Dental Post Placement

  1. Length about 1/2 way down root 
  2. 17% EDTA 1 minute – 1 minute CHX
  3. Alcohol clean and then silane on post
  4. C-I white Parkell with ParaCore Coltene Whaledent (SE Cement and Core in one) OR ParaPost XP SS Coltene Whaledent=much stronger (CR Report)
  5. True etch and rinse is better if fiber post (good comprehensive article)
  6. DC resin cement

 Studies

Lit review Schwartz JOE 2004 – Remember – The primary purpose of a post is to retain a core in a tooth with extensive loss of coronal tooth structure.  However, preparation of a post space adds a certain degree of risk to a restorative procedure. The placement of posts also may increase the chances of root  fracture and treatment failure, especially if an oversized post channel is prepared.  For these reasons, posts should only be used when other options are not available to retain a core. The need for a post varies greatly between the anterior and posterior teeth.

  1. Anterior tooth with small restoration or veneer just composite build-up.
  2. Anterior tooth with or getting a crown should have post
  3. Molars only need 1 post if major destruction of coronal portion tooth, never 2 posts.
  4. Premolars sometimes need posts
  5. Composite post failures tend to be repairable vs metal post failures that tend to be terminal for tooth Lit Review Fokkinga
  6. Metal posts do not strengthen root but bonded posts DO (for awhile anyway).
  7. Ceramic and Zi posts can not be removed if need retreat.
  8. Tapered posts in teeth with thin roots only (parallel almost always better)
  9. Cast post and only for correctly angle of severely angled tooth or in very small lower incisor.
  10. Metal posts seem to work slightly better than resin but check #5
  11. Avoid active posts, Ti posts, ceramic, and Zi posts.
  12. Overall recommendation is to use fiber posts

Lit review of fracture resisitance AL-Omiri – Adhesively luted resin/fiber posts with composite cores appear to be the best currently available option in terms of tooth fracture and biomechanical behaviour.

Lit review Ferrule effect Juloski JOE 2012 – 1.5mm to 2mm

Lit Review Balevi 2015 EBD – Tooth fracture metal vs fiber unsure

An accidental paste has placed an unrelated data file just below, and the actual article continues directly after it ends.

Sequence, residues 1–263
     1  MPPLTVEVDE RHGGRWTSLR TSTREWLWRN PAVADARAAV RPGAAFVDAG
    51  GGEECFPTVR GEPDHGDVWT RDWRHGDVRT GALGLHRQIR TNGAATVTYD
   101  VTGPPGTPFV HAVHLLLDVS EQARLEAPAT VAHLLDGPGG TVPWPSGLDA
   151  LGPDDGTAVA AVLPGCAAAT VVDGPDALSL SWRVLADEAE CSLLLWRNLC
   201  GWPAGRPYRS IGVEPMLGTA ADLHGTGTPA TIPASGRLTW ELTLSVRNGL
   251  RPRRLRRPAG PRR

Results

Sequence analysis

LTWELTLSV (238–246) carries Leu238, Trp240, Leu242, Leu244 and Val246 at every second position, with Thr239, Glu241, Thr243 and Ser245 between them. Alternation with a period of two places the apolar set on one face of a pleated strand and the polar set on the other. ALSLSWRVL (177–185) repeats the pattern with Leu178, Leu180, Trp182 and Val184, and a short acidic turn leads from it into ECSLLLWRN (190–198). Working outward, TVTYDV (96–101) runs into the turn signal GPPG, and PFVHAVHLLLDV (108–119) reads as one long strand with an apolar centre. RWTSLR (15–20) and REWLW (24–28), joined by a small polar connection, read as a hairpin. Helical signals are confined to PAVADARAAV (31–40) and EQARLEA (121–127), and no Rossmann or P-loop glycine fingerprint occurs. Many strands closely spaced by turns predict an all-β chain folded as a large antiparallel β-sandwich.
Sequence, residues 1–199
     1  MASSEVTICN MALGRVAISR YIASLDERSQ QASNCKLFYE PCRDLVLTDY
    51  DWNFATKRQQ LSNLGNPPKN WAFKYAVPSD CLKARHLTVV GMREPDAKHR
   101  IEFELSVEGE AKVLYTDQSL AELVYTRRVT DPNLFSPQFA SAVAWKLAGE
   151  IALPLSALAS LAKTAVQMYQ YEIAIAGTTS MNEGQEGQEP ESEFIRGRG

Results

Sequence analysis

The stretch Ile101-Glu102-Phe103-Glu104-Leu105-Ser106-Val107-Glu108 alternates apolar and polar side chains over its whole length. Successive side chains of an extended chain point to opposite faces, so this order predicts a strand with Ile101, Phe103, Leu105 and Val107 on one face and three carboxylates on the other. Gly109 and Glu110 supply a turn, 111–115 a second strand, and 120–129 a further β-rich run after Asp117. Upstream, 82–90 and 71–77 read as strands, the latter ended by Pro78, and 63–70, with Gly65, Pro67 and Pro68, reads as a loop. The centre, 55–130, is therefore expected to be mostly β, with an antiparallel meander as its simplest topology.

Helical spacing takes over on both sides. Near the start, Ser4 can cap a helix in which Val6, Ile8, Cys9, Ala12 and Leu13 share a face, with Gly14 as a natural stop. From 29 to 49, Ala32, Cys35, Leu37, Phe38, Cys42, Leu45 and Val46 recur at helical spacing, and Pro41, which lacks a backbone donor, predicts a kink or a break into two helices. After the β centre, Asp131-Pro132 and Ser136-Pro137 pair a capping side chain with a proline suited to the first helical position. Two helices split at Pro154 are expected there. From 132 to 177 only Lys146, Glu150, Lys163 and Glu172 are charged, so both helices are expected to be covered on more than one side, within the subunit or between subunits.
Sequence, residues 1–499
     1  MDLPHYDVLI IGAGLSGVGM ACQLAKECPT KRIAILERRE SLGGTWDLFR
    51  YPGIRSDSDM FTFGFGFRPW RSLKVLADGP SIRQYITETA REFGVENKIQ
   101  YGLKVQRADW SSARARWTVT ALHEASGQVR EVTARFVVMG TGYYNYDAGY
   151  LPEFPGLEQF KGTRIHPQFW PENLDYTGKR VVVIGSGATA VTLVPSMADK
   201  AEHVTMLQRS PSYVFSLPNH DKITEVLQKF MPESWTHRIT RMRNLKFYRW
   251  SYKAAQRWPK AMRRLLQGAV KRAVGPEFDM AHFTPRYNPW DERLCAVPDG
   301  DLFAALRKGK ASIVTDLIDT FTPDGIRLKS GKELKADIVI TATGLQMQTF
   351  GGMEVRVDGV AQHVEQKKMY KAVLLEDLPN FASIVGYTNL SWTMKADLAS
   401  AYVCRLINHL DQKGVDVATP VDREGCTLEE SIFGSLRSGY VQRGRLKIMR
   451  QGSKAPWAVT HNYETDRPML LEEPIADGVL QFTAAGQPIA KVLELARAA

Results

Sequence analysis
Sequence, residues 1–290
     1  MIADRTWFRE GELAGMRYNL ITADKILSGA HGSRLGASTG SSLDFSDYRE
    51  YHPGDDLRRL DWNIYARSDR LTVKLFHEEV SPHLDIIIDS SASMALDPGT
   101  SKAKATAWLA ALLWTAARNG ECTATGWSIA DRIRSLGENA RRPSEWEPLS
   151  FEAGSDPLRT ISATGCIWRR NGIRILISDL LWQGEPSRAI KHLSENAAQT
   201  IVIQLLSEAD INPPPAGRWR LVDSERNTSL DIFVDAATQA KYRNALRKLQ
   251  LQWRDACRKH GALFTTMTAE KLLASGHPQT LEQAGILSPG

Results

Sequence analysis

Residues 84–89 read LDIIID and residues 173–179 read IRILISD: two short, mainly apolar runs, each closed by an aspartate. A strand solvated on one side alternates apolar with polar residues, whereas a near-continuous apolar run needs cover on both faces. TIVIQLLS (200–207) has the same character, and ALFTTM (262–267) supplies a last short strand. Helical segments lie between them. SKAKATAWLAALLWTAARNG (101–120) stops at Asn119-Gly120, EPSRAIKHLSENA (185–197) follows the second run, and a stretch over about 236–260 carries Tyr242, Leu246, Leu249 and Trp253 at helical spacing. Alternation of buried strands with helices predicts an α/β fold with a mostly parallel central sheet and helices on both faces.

Lit review from J Prosthetics 2003 opens with “Most endodontically treated teeth require a post-and-core build-up for restoring the teeth to optimum health and function.”  I struck the stupid stuff

  1. custom-cast post and cores are recommended for noncircular root canals and when coronal tooth structure loss is moderate to severe
  2. posts with an antirotational feature should be used in situations with circular canals
  3. passive parallel posts are advocated for adequate retention but when the apical thickness of dentin is minimal, a parallel-tapered combination post design may be preferred
  4. retentive qualities of the post head may facilitate firm retention of core material
  5. retrievability in the event of failure should be considered

Cast post higher fracture resistance than fiber  Meta-analysis (so maybe in heavy grinder with minimal coronal tooth structure cast better)

Overall metal and fiber about = in fracture resistance but cast metal and glass fiber are better than prefab metal and carbon fiber Meta-analysis Figueiredo JOE 2015

Composite vs. Fiber post oct 11 = fiber post better

Oval posts in oval canals better adapted than round?  NO

Effects of post, core, crown type, and ferrule Nov 10 – Fiber posts best anterior and use cast post and core with metal crown.

Cast metal core vs. resin luted core – Resin core better (not sure how this impacts posts per se)

Metal posts vs. fiber post in anterior teeth (lab only) Feb 11 – Metal better especially under ceramic crown This is consistent with other findings in that metal is less likely to fail but if does more permanent failure ie tooth fracture versus post coming debonded with resin.

Metal post seals anteriors better Sept 12although may be true check #5 in 1st lit review.  So resin may leak more but metal will have catastrophic failure

Glass fiber=Ti with self-adhesive luting prefab

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